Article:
Packet Filters for Management Computers
Updated: October 1, 2009
Applies To: Windows 7, Windows Server 2008 R2
|This topic describes design considerations for DirectAccess in Windows Server 2008 R2. For the design considerations of DirectAccess in Microsoft Forefront Unified Access Gateway (UAG), see the Forefront UAG DirectAccess Design Guide (http://go.microsoft.com/fwlink/?LinkId=179988).|
To allow management computers to initiate connections with your intranet computers, you might already have in place a set of inbound firewall rules for management traffic on your intranet. To allow DirectAccess clients to be managed in the same way when they are on the Internet, you can do one of the following:
Configure your existing set of inbound firewall rules for management traffic so that they also apply to the public and private profiles and have edge traversal enabled. Although easier to configure, this option is not recommended because the inbound rules might allow greater exposure what is intended for DirectAccess management functionality.
Create a duplicate set of inbound firewall rules for your management traffic in the Group Policy object for DirectAccess clients so that they only apply to the public and private profiles, have the appropriate source Internet Protocol version 6 (IPv6) addresses of management computers or the IPv6 prefix of your intranet, and have edge traversal enabled. This is the recommended option because it applies the rules only to DirectAccess clients, is scoped for your intranet IPv6 addresses or prefix, and does not affect other domain computers on the intranet or Internet.
For information about creating inbound rules, see Create an Inbound Program or Service Rule (http://go.microsoft.com/fwlink/?LinkId=159864). For more information, see Configure Packet Filters to Allow Management Traffic to DirectAccess Clients in the DirectAccess Deployment Guide.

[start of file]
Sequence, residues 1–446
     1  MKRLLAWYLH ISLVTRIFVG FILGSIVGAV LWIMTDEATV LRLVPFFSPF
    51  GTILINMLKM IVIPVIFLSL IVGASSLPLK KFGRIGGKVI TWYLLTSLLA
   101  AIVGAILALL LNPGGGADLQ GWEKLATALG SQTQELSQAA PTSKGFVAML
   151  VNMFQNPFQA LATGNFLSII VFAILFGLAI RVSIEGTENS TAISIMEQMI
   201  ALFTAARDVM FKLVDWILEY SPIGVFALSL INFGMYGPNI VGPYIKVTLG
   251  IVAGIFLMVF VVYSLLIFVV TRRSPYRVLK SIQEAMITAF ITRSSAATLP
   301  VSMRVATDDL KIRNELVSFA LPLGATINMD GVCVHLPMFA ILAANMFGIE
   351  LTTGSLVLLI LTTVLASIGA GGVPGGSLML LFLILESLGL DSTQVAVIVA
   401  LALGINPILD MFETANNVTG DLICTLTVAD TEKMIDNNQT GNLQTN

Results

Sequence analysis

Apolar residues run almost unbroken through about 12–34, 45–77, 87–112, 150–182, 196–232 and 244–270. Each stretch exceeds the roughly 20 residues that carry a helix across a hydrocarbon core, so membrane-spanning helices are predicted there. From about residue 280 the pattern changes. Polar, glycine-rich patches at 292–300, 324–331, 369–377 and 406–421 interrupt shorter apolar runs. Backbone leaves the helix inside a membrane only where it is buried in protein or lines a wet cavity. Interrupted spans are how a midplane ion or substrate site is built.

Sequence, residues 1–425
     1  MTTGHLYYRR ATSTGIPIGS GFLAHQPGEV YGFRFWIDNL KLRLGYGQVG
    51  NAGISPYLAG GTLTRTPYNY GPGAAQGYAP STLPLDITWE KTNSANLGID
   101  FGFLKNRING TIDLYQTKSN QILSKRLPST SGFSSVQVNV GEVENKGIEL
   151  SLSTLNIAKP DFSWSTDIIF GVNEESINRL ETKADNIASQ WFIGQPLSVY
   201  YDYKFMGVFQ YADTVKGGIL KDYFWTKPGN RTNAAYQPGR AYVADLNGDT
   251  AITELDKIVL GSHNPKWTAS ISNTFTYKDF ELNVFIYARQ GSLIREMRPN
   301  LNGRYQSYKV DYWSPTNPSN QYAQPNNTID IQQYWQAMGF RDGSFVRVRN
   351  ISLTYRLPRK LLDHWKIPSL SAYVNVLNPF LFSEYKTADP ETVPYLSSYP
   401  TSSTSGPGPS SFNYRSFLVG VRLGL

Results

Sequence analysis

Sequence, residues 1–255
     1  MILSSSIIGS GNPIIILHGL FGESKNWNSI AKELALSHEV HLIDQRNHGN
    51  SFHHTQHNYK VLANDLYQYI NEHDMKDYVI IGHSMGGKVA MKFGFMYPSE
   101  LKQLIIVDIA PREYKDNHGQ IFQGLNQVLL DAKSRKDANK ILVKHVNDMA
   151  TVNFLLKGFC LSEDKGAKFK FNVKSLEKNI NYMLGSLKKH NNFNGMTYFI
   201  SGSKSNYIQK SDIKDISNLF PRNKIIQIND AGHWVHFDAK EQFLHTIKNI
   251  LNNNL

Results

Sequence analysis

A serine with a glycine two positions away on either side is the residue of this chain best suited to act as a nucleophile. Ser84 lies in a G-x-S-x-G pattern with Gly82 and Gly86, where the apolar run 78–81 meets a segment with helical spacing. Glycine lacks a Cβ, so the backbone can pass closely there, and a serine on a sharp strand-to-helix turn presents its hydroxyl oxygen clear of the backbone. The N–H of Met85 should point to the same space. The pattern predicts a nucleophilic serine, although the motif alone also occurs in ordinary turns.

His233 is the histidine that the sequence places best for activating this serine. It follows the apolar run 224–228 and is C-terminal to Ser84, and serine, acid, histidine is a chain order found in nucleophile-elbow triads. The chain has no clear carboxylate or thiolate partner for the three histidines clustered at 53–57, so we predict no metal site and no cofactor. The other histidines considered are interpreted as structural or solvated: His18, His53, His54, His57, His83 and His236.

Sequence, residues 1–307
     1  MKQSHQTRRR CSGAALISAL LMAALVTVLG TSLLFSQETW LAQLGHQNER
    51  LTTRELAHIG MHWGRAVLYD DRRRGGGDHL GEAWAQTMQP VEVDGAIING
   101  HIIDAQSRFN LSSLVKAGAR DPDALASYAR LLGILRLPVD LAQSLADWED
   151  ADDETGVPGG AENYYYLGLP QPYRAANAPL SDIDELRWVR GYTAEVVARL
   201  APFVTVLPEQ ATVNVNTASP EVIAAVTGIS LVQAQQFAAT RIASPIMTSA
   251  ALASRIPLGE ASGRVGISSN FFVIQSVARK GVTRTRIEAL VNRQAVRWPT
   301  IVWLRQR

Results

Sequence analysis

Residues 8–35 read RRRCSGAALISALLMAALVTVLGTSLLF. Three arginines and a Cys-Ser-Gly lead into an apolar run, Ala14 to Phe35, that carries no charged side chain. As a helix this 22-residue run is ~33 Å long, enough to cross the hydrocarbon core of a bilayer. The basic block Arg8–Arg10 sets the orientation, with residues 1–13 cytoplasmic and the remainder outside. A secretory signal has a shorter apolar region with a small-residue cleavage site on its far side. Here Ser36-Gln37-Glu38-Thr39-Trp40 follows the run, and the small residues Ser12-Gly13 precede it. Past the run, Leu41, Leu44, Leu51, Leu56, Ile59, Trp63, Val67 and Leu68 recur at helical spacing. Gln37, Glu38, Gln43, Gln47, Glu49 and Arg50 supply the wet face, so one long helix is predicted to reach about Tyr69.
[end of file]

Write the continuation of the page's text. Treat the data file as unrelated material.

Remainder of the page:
You can enable edge traversal for a Windows Firewall inbound rule in the following ways:
Using the Windows Firewall with Advanced Security snap-in, obtain properties of an inbound rule. On the Advanced tab, in Edge traversal, select Allow edge traversal.
Use the edge=yes option for the netsh advfirewall firewall command when adding or changing an inbound rule.
Here is an example of how to use a Network Shell (Netsh) command-line tool command to enable edge traversal for the built-in Remote Desktop (TCP-In) inbound rule:
netsh advfirewall firewall set rule name=”Remote Desktop (TCP-In)” dir=in new edge=yes
To further ensure that the Remote Desktop connection is authenticated and encrypted, use the following Netsh command:
netsh advfirewall firewall set rule name=”Remote Desktop (TCP-In)” dir=in new security=authenc edge=yes
To use the security=authenc setting, ensure that there is a connection security rule that protects the connection between the remote desktop computer and the DirectAccess client.
|If the computer that is managing a DirectAccess client from the intranet is running Windows Vista or Windows Server 2008 and Internet Protocol security (IPsec) transport mode is required between the managing computer and the DirectAccess client, both computers must have the same quick mode lifetimes.|